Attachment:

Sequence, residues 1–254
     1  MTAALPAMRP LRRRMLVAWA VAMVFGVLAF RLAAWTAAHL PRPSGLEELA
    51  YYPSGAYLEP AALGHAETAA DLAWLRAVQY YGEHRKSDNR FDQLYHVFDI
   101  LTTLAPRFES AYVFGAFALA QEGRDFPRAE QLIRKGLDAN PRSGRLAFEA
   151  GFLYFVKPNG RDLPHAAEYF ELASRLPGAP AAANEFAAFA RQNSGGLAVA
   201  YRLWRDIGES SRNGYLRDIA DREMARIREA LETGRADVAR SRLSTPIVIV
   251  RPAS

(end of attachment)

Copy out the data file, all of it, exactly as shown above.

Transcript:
Sequence, residues 1–254
     1  MTAALPAMRP LRRRMLVAWA VAMVFGVLAF RLAAWTAAHL PRPSGLEELA
    51  YYPSGAYLEP AALGHAETAA DLAWLRAVQY YGEHRKSDNR FDQLYHVFDI
   101  LTTLAPRFES AYVFGAFALA QEGRDFPRAE QLIRKGLDAN PRSGRLAFEA
   151  GFLYFVKPNG RDLPHAAEYF ELASRLPGAP AAANEFAAFA RQNSGGLAVA
   201  YRLWRDIGES SRNGYLRDIA DREMARIREA LETGRADVAR SRLSTPIVIV
   251  RPAS